By Martha Reed
My creative writing is probably the most vital thing I do but every once in awhile I have to remember that it’s not all that I do. In between those glorious and rare hours of creative time I have to squeeze in a 40-hour work week (day job, pays the bills), maintain a home and support the needs of my family and friends to the best of my ability. Sometimes, fulfilling these needs is easy and sometimes … not so much. The trick is – and this is one of the things I’m constantly re-learning – how to find the right amount of balance.
My usual pattern is straight arrow; I set a goal and keep to it until it gets done. This is all well and good as long as I remember – occasionally – to stray from the path. Luckily, I have a couple of terrific sisters who offer world-class distraction. For instance, yesterday, my sister Joan suggested that we ride our bikes from Aspinwall into town (6 miles) to catch the Pirates game against Chicago. The trip dahntahn was fantastic, the bike path (except for a nasty gravely bit near the railroad tracks in Etna) smooth going. We made short work of the trip, settled into our bleacher seats, doffed our Memorial Day gimme caps to the National Anthem and then … it started to rain.
And I don’t mean to suggest a gentle Spring shower. It started pouring buckets out there. For hours. Until the creeks overflowed their banks and the lightening flashed around our heads. Best of all, by the eighth inning, we realized that we got to ride our bikes home in it.
Actually, the trip home turned out to be pretty cool, although Joan nervously asked me twice if we were safe. I repeated the old saw: “We should be safe enough. We’re riding on rubber tires” and both sisters bought into it. (I’m not sure if that statement is true or not but it sounded convincing enough at the time). The other lesson I learned yesterday is that there was a reason they used to put fenders on bikes way back when before we paved the roads – because each of us earned a skunk’s tail of mud up our backs by the time we got home. Personally, I don’t think my Bucco’s shirt is ever going to come clean again.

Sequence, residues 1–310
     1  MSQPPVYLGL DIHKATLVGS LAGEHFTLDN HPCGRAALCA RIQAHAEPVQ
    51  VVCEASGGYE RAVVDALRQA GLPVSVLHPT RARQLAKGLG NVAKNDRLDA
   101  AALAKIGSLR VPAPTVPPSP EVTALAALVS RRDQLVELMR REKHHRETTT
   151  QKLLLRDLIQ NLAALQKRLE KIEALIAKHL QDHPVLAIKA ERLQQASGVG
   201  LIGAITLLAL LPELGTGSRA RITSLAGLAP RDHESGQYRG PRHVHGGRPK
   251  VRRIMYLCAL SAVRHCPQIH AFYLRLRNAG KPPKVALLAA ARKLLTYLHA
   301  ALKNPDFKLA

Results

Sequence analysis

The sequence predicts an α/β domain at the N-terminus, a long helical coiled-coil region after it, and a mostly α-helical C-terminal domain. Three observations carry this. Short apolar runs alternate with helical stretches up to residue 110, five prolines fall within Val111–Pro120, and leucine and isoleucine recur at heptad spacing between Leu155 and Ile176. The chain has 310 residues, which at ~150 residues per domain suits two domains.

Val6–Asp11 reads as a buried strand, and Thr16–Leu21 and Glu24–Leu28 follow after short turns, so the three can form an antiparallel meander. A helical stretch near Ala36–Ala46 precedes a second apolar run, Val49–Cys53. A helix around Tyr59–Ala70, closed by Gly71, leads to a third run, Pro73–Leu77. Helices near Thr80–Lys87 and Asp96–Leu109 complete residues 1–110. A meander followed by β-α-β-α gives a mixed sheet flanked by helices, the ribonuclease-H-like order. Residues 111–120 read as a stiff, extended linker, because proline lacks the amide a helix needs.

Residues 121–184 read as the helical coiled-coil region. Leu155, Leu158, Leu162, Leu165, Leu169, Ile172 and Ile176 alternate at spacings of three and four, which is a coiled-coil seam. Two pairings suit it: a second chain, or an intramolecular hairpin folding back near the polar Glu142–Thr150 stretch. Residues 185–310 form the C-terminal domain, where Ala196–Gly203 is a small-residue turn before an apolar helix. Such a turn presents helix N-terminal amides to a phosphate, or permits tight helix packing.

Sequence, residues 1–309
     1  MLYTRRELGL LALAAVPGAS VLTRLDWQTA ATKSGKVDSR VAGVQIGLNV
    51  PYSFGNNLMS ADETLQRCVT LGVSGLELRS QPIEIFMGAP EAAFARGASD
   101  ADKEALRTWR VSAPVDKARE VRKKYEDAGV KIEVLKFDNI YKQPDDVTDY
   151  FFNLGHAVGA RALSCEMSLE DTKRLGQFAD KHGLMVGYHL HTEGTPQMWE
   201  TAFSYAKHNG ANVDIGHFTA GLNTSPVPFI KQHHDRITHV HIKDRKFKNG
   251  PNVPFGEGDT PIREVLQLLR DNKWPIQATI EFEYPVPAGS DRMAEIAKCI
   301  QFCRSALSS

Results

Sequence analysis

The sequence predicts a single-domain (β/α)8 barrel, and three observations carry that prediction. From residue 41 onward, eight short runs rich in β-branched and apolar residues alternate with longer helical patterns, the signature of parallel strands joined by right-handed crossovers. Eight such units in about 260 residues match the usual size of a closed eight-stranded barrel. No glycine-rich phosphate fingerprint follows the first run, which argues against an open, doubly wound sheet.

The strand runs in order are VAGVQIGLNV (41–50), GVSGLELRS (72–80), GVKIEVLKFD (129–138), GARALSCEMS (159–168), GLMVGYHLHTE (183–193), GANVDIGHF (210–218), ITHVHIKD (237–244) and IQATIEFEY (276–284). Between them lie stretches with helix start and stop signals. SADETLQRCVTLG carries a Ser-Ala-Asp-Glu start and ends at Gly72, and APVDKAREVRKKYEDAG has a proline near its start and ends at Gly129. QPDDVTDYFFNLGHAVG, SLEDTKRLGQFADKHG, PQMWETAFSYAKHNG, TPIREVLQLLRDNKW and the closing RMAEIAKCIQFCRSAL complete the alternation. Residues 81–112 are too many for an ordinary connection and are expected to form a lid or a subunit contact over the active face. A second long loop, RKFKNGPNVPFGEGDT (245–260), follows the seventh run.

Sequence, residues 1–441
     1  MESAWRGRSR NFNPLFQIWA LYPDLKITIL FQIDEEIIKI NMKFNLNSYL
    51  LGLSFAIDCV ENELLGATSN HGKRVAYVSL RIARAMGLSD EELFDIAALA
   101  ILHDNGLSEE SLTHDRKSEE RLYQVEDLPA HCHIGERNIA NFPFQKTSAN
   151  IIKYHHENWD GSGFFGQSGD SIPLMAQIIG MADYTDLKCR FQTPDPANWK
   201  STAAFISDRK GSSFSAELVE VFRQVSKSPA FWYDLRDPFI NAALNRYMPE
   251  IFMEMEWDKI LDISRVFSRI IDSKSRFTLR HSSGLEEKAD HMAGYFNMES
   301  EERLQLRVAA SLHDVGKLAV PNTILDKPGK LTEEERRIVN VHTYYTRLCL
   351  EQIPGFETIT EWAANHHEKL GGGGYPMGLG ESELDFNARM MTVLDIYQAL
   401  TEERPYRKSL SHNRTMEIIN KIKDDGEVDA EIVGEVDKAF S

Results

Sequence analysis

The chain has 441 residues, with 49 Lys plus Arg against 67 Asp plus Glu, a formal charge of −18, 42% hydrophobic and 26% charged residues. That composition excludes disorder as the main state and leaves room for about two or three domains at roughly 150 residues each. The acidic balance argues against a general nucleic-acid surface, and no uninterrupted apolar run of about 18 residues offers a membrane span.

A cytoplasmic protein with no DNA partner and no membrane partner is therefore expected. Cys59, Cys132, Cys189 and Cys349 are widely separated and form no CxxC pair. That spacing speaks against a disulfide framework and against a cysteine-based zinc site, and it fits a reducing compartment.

But my point is that when I closed my manuscript document at 11AM for the day, checking out early from my usual routine, I felt a little guilty about it. But now, after such a fun-filled day, spent sharing quality time with both my sisters, I realized that it was just what I needed – a holiday break – and when I sit back down first thing tomorrow I’ll feel brighter and fresher and ready to tackle the next chapter.
And that was my final lesson of the day – to remember what a holiday is for and not just use it to catch up on chores. I need to remember the hard work is always there and it’s up to us to remember to play just as hard, too, because that’s where the fun is.